As road traffic continues to increase across Essex, councils are looking for ways to reduce congestion, and the pollution that comes with it. A move to electric vehicles is the only viable long-term solution, but ultimately, electric vehicles still need fossil fuels to be burned to provide the power to charge their batteries. However, new research shows that electric vehicles may be more efficient that diesel ones.
Experiment comparing electric v diesel addresses charging concerns
The growth in the use of electric vehicles (EVs) is accelerating thanks to more choice, an improved charging infrastructure, government incentives and targets along with reductions in some initial purchase prices. There are, however, concerns over the amount of fossil fuels required to charge EVs, and whether they’re really more economical and environmentally friendlier than their diesel powered counterparts.
In 2017, 47,000 plug-in cars (so including plug-in hybrids along with ‘all-electric’ models) were registered in the UK so setting a new record which in itself beat the record set the previous year by 10,000.
Charging EVs – transferring fossil fuel consumption?
A key counter argument to the view that electric power should lead the way in reducing fossil fuel consumption and protecting the environment is the amount of fossil fuel in the form of gas, oil and coal needed to charge an ever-increasing number of batteries on a regular basis.
Inevitably, more battery charging as EVs become more widespread means increased demands on the electricity infrastructure, so in time power stations may have to run at higher outputs over longer periods of time to meet the demand. This obviously means more fossil fuels being used in generating power so, the theory goes, offsetting the reduction of diesel and petrol used as the number of diesel and petrol vehicles declines.
An experiment paints an optimistic picture for electric power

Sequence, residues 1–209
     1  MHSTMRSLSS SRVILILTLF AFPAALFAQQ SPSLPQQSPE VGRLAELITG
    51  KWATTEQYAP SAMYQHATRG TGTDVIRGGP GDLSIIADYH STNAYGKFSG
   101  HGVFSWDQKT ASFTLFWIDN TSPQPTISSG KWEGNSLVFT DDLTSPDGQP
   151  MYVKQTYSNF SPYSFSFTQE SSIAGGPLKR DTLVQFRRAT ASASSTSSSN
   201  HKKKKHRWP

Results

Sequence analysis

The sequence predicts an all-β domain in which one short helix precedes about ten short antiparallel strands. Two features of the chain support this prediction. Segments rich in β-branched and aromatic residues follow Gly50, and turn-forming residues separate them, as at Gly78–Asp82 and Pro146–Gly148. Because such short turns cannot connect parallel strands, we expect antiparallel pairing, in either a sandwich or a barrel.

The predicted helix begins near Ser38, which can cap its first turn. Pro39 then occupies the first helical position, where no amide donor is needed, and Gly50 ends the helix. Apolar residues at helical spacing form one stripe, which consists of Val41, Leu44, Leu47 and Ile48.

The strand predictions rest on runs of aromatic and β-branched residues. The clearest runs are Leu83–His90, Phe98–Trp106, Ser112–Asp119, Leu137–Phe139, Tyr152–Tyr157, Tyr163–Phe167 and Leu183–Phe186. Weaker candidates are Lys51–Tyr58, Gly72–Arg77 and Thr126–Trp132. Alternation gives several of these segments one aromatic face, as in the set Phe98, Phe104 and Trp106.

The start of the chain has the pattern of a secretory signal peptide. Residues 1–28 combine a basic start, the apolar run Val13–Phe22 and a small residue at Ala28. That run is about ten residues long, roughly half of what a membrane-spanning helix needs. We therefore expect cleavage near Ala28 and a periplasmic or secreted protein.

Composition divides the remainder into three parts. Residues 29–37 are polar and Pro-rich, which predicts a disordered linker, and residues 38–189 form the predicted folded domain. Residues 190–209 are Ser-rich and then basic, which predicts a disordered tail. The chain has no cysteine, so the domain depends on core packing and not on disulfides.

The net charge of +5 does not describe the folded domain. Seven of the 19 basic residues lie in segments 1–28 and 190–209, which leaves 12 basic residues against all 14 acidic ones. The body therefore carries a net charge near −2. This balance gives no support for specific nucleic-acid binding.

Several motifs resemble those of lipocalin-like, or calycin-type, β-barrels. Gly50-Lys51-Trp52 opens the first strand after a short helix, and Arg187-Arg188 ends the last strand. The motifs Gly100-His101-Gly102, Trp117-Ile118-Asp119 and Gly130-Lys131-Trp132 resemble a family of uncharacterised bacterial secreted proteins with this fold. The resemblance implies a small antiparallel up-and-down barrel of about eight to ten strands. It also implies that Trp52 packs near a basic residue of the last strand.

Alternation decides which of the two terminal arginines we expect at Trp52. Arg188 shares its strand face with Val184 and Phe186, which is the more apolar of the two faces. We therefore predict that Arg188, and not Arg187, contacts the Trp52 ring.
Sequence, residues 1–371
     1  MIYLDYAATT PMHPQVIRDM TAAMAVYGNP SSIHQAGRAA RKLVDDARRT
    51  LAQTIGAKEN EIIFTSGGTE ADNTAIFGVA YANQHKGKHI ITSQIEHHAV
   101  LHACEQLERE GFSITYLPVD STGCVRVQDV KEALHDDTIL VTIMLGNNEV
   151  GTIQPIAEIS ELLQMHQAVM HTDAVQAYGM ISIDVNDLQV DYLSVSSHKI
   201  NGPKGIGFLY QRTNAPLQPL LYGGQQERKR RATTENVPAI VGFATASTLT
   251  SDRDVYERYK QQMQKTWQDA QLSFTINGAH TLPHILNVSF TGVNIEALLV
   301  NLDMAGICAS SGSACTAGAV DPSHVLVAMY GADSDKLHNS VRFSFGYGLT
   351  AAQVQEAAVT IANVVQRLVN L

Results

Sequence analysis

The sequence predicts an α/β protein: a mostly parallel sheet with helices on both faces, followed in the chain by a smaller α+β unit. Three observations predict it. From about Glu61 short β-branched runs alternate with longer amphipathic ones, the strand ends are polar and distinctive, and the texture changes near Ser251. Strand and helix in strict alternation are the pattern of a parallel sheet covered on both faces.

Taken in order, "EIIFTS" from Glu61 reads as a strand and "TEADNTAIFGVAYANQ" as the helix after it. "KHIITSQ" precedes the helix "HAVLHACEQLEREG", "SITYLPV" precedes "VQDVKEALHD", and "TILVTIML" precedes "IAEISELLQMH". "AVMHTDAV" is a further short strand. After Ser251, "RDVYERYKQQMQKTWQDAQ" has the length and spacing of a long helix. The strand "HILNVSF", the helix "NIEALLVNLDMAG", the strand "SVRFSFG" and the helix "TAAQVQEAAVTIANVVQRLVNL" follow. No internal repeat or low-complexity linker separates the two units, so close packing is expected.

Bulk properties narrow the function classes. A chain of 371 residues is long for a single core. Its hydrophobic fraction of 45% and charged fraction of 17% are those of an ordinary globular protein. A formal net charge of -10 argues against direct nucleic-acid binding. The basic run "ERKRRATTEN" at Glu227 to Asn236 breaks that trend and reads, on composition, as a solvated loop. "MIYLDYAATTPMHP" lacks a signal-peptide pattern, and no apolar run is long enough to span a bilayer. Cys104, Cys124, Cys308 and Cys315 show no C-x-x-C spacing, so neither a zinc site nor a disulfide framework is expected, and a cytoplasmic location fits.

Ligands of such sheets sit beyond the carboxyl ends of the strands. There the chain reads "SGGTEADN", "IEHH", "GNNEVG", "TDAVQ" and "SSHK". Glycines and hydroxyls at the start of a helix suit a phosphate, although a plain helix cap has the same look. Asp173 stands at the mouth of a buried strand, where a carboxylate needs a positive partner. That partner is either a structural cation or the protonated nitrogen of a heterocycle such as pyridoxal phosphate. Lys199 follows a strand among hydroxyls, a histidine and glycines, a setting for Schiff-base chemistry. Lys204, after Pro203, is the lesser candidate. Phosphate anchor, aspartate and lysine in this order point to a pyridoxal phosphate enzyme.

An experiment conducted by the Tesla Owners Club Western Australia showed how diesel consumption could be reduced in charging an EV’s battery compared to using a diesel powered car.
In the experiment, an electric powered Tesla Model S was lined up against a diesel powered Volvo V40. The Tesla’s battery was charged by a diesel generator such as the type available from this company providing London generator hire, and the Volvo was filled up with diesel.
The generator also started with a full tank of diesel and it was refilled once the Tesla’s battery was charged. Both vehicles travelled 62 miles and, once the Tesla had used up its 18 kWh charge from the generator, the Volvo’s tank was brimmed again.
The amount of diesel required to power the Tesla over the same distance as the diesel Volvo was nearly half a litre less; the diesel engined Volvo was lighter and smaller than the Tesla so making the result even more encouraging for the implications of fossil fuel versus electric power usage.
An essential truth
There are a few questions that can be asked about the absolute validity of an experiment like this; for example, the generator’s engine would operate at constant revs while the Volvo’s diesel engine would vary depending on driving conditions so possibly altering fuel consumption.
Even so, the experiment contains at least an essential truth in that the overall power generation for battery charging versus direct fuel usage with fossil fuel powered engines shows it’s likely that EVs will consume less fossil fuel for recharging.
Transferring the emissions
Another key factor in the increased number of EVs on the roads is in improving the pollution situation, especially in towns and cities.
If more fossil fuels are used at the power stations to increase electricity production required to charge an increased number of EV batteries, it’s true extra emissions would be the consequence. There again, due to the reduction of fossil fuel powered vehicles on the roads, emissions are being transferred to the more remote areas power stations tend to be located in compared to city and town centres and congested roads where they can harm far more people.